Medical and health services managers, also called healthcare executives or healthcare administrators, plan, direct, and coordinate medical and health services. They might manage an entire facility or specialize in managing a specific clinical area or department, or manage a medical practice for a group of physicians. As healthcare changes, medical and health services managers must be able to adapt to changes in laws, regulations, and technology.
Medical and health services managers typically do the following:
In group medical practices, managers work closely with physicians, nurses, laboratory technicians, and other healthcare employees. For more information, see the profiles on physicians and surgeons, registered nurses, and medical and clinical laboratory technologists and technicians.
Medical and health services managers’ titles depend on the facility or area of expertise in which they work. The following are some examples of types of medical and health services managers:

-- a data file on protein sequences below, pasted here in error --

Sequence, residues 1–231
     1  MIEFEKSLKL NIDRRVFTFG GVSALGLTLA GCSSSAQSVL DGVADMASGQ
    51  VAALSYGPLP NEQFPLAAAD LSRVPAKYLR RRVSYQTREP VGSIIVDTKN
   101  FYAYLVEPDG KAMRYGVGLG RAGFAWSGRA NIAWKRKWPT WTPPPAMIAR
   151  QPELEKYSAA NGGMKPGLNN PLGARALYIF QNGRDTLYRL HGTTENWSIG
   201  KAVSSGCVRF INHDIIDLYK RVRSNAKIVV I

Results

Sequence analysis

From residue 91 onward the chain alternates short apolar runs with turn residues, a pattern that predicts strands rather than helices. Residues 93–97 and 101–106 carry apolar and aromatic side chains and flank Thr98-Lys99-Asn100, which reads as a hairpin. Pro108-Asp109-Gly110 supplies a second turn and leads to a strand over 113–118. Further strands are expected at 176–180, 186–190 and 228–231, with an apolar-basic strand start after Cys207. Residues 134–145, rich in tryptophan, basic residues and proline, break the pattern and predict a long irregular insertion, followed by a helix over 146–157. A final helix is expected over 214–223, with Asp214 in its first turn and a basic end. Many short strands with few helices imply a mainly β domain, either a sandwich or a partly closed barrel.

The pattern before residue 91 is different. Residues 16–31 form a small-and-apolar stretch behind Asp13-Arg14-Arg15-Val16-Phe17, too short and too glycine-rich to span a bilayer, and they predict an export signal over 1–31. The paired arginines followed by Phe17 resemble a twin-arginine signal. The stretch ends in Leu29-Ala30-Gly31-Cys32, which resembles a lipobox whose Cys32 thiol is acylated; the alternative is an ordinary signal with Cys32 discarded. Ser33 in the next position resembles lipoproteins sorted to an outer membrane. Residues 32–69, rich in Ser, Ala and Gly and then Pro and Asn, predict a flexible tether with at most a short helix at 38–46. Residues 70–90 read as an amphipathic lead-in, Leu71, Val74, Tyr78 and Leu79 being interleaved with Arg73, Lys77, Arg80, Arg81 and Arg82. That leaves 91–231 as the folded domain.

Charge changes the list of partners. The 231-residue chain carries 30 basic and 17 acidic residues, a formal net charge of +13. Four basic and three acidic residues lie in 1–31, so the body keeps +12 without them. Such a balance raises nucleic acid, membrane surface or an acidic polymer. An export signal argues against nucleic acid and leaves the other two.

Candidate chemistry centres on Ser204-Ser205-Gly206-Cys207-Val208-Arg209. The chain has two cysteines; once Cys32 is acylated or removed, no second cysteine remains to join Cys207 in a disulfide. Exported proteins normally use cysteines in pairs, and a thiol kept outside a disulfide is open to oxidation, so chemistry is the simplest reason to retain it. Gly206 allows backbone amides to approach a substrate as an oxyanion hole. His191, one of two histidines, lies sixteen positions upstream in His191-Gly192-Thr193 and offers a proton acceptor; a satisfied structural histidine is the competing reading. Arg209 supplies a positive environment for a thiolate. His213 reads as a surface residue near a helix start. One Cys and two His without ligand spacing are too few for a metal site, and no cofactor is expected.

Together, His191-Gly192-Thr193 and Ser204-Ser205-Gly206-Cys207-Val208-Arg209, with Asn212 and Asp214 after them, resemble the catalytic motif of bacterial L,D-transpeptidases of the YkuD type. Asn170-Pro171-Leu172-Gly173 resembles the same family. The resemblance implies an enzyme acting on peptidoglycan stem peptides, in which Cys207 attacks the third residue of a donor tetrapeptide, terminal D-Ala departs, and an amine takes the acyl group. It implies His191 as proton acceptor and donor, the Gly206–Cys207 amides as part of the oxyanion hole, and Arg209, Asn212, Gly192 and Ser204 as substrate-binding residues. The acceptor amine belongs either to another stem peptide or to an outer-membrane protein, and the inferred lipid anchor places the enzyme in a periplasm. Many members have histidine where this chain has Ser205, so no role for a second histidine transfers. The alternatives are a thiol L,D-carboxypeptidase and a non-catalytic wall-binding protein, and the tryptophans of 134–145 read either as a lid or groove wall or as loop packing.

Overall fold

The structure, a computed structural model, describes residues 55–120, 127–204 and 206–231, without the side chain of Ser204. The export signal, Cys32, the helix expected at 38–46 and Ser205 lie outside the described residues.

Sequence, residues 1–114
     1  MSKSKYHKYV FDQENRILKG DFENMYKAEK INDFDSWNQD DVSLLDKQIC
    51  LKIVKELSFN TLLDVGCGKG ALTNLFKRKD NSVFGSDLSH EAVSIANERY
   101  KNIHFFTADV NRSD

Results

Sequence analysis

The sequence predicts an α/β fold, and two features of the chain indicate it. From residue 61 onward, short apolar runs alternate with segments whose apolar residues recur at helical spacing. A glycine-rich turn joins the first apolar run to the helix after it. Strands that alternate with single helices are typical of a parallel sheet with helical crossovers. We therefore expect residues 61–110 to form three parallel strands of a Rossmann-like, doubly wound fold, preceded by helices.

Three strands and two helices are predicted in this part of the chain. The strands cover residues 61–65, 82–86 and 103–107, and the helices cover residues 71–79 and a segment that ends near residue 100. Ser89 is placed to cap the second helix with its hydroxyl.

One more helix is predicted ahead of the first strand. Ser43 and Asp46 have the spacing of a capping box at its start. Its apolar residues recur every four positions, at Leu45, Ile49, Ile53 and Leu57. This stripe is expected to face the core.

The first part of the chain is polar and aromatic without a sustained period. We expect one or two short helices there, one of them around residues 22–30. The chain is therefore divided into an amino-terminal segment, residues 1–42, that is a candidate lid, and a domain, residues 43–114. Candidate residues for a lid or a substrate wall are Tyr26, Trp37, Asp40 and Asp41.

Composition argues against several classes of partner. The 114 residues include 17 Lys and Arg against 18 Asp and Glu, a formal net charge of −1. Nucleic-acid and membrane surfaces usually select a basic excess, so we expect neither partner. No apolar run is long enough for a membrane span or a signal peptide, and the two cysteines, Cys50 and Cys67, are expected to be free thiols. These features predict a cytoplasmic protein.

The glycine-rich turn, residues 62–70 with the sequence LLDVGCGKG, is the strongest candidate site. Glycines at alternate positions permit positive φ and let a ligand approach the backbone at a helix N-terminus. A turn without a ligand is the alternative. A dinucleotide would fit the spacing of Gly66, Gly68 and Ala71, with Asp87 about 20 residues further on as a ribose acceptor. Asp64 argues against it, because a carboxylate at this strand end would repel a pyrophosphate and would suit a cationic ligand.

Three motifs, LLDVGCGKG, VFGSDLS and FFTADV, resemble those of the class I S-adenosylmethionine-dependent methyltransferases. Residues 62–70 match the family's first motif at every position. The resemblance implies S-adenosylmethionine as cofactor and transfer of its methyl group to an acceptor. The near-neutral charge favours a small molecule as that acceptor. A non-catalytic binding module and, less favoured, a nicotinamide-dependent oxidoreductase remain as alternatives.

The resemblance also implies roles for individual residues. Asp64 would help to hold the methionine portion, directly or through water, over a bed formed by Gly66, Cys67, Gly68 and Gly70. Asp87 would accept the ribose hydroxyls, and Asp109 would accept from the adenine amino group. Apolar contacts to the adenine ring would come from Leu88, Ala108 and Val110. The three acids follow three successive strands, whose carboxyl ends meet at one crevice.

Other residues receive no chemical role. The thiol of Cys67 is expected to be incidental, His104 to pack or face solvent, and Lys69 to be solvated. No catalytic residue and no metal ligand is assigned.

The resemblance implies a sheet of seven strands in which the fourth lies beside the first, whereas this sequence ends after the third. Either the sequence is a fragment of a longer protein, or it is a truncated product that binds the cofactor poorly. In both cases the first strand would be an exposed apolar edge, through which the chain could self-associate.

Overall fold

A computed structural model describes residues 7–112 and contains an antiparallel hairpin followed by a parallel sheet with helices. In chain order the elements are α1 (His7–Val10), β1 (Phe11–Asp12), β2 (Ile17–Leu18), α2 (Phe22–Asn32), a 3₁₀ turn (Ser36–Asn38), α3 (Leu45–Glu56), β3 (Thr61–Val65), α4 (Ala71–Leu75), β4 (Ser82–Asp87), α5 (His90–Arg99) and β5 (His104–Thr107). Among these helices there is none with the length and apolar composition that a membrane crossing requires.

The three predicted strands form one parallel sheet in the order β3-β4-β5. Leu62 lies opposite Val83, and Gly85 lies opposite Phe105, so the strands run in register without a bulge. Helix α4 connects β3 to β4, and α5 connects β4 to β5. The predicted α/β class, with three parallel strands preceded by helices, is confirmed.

Nursing home administrators manage staff, admissions, finances, and care of the building, as well as care of the residents in nursing homes. All states require them to be licensed; licensing requirements vary by state.
Clinical managers manage a specific department, such as nursing, surgery, or physical therapy and have responsibilities based on that specialty. Clinical managers set and carry out policies, goals, and procedures for their departments; evaluate the quality of the staff’s work; and develop reports and budgets.
Health information managers are responsible for the maintenance and security of all patient records. They must stay up to date with evolving information technology and current or proposed laws about health information systems. Health information managers must ensure that databases are complete, accurate, and accessible only to authorized personnel.
Assistant administrators work under the top administrator in larger facilities and often handle daily decisions. Assistants might direct activities in clinical areas, such as nursing, surgery, therapy, medical records, or health information.
Source: Bureau of Labor Statistics, U.S. Department of Labor, Occupational Outlook Handbook, 2012-13 Edition